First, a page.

In addressing the relevancy of education for the 21st-century context, Zimbabwe had to establish a curriculum where learners develop an understanding of a new set of competences which goes beyond basic knowledge and skills. Today’s citizens require a new set of competences and conceptual understanding of complex concepts, need to develop communication skills and collaborate creatively to produce new ideas, new products and new knowledge, while developing a critical mind in order to face the challenging world. Inquiry-based science education becomes the basis for incorporation of this new set of competencies in Zimbabwean schools. The Zimbabwe science curriculum stipulates that inquiry skills are learned through practical work where learners apply and hence understand scientific concepts. As such, learners should employ scientific skills in solving real-life problems. This chapter aims to determine the nature and level of inquiry-based science education in Zimbabwean schools. The chapter describes inquiry-based practices that are encapsulated in the Zimbabwean science curriculum; analyses the relationship between the prescribed curriculum inquiry-based practices and the examination frameworks; evaluates the extent of learner preparation and performance in practical assessments; discusses teacher professional development for implementing inquiry-based science teaching; explores the use of technology in the teaching of practical work; and identifies challenges and problems in the implementation of inquiry-based practices.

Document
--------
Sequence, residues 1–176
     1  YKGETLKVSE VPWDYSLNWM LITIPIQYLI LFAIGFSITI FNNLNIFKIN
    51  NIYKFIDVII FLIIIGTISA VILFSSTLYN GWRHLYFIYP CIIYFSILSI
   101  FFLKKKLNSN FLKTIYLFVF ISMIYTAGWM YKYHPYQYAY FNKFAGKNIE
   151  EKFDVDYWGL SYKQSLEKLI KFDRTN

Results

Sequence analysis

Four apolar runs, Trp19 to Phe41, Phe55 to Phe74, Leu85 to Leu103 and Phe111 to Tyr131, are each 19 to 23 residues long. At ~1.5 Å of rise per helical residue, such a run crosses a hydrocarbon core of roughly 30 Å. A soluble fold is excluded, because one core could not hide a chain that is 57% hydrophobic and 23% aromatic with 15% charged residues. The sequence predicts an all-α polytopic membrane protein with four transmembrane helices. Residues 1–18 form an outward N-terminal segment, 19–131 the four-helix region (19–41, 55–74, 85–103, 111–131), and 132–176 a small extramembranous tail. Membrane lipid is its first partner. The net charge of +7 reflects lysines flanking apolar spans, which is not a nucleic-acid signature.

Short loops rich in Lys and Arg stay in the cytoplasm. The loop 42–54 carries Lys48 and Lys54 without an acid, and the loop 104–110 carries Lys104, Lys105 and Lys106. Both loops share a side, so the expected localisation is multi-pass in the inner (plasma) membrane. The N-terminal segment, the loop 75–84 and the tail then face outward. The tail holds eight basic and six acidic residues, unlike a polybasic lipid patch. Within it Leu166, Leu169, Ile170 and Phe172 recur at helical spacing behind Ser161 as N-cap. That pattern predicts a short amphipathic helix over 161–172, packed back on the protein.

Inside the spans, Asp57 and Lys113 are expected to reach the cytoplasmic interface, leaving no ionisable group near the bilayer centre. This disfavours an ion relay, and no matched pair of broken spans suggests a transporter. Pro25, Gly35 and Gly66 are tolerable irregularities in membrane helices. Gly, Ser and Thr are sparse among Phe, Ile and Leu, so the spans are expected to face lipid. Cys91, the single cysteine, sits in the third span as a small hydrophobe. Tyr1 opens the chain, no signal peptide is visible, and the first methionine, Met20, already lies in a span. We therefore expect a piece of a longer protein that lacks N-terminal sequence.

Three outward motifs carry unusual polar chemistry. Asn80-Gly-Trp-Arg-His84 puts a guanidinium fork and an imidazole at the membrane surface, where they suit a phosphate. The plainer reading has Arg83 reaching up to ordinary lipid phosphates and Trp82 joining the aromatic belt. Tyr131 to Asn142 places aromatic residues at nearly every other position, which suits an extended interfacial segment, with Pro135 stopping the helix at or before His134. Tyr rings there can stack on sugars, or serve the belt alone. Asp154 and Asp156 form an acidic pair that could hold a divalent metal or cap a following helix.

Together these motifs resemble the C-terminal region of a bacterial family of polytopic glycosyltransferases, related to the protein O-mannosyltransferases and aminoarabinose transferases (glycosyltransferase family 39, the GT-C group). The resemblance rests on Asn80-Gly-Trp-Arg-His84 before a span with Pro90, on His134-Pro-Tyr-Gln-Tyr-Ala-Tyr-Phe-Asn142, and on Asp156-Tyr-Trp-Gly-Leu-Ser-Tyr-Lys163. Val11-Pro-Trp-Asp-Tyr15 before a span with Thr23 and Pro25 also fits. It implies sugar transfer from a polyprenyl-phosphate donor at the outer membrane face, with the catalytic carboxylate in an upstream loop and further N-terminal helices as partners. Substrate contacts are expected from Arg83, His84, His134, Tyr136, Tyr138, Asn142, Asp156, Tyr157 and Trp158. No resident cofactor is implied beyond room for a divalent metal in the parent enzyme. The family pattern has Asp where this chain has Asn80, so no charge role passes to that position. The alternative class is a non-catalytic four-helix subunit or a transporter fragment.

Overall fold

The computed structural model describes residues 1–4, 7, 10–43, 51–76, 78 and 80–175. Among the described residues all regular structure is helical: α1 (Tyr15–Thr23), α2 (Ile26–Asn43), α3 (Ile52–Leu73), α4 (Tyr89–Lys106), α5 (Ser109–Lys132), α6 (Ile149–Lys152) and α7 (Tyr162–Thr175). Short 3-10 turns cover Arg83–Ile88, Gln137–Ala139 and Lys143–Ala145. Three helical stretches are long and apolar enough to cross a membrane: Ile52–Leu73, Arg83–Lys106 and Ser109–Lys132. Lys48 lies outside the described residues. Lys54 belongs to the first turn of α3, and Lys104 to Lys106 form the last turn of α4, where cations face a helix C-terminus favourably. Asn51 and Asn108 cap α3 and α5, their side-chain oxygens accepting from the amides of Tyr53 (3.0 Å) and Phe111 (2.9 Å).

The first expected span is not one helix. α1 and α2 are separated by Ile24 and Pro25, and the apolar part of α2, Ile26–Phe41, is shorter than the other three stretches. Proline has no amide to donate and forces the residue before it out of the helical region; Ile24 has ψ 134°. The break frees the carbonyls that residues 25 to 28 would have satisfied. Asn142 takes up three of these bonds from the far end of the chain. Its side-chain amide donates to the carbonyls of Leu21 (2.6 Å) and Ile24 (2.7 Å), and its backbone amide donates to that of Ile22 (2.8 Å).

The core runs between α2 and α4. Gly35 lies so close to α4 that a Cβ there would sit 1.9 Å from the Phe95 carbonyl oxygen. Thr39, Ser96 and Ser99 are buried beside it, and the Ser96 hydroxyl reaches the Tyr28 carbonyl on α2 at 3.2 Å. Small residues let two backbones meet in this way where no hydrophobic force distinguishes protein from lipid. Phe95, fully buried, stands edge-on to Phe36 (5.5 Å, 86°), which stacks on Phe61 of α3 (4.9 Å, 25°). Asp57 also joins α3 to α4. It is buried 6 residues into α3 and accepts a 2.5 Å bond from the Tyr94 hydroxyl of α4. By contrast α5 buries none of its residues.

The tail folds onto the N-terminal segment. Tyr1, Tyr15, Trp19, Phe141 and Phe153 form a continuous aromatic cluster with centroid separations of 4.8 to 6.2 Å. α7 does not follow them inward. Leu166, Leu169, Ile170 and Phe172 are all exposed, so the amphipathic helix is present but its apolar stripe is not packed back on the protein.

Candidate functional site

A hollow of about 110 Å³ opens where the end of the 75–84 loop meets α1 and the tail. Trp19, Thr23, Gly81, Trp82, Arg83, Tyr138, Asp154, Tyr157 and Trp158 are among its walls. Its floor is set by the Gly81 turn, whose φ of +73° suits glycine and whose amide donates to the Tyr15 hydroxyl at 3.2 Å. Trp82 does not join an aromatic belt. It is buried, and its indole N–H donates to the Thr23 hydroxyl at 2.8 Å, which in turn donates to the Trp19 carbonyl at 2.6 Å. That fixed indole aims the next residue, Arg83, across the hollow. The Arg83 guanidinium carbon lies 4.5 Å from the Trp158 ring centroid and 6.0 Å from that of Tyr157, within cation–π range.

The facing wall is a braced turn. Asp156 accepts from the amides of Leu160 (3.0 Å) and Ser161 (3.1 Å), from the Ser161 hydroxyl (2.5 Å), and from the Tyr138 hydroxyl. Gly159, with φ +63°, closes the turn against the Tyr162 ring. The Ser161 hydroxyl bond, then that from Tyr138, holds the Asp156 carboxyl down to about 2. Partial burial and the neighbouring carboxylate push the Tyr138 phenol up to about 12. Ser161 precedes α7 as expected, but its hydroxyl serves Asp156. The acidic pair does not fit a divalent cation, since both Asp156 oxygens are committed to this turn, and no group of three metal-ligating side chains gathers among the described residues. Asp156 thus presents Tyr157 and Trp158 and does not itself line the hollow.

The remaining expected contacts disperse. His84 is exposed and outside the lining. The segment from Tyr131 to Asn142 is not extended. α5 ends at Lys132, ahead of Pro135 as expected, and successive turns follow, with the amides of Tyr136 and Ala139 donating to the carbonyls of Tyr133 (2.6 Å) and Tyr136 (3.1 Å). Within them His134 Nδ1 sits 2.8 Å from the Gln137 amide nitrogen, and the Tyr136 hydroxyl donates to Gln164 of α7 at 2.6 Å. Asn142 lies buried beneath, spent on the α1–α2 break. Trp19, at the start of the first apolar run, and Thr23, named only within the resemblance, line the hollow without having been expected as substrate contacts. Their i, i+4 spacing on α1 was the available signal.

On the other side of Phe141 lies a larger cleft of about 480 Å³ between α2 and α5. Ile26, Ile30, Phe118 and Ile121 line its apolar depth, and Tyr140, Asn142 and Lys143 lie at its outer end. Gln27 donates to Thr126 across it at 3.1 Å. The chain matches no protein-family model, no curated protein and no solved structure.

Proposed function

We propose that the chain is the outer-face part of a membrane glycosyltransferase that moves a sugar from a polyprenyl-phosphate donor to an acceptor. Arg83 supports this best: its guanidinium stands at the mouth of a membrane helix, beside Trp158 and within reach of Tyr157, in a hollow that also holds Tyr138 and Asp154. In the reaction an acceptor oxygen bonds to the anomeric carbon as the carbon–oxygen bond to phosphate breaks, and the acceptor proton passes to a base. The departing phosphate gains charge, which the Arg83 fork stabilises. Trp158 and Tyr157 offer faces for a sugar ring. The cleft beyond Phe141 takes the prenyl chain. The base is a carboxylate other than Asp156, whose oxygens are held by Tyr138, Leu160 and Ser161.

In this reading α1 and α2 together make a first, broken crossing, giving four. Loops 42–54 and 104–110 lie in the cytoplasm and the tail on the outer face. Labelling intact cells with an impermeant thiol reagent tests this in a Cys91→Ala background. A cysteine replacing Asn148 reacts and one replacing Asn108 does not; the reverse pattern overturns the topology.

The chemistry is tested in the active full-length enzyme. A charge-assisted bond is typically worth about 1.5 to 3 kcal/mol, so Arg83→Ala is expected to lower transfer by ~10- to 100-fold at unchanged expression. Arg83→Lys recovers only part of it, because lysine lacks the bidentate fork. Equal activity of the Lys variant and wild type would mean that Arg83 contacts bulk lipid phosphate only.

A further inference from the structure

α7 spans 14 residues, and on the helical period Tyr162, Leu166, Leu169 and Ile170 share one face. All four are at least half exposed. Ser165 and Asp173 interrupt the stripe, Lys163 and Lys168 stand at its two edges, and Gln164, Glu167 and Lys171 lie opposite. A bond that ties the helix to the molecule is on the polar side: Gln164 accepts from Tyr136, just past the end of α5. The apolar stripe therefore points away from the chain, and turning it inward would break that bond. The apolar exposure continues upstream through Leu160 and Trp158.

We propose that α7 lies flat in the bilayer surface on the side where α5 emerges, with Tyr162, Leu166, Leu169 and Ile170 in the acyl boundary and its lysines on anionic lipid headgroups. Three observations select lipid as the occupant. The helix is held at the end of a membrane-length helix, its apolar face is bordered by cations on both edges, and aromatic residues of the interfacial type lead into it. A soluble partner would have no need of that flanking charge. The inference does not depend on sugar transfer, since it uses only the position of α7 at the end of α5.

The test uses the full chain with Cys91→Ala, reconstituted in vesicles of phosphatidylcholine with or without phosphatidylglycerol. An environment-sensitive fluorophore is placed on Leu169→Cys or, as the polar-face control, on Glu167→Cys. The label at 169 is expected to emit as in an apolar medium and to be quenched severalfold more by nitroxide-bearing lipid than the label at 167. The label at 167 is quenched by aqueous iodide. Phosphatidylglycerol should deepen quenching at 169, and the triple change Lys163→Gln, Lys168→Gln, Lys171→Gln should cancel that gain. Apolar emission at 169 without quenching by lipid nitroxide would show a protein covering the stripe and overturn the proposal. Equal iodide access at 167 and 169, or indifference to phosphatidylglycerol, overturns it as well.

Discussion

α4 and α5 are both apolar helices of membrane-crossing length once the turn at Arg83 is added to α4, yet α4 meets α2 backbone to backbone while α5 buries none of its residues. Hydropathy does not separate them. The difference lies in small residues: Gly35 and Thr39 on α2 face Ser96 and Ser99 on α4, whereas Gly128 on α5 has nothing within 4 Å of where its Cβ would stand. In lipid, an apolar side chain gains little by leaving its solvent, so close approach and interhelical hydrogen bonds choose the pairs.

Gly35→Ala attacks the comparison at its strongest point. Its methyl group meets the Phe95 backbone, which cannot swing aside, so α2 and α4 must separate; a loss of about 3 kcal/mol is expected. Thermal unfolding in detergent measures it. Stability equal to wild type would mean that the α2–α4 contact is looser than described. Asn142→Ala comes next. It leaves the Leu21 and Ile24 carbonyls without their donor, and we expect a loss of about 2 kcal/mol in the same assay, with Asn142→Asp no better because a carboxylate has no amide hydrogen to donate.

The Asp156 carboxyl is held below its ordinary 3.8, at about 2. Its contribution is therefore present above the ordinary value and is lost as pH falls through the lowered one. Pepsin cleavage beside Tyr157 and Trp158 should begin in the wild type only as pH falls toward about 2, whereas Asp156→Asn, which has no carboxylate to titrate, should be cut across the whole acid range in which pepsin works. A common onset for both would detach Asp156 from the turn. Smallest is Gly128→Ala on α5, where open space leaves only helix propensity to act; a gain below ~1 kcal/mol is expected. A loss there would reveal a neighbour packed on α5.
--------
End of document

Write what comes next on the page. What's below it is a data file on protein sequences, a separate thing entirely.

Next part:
Finally, implications and recommendations are made for teacher professional development in scientific inquiry-based teaching.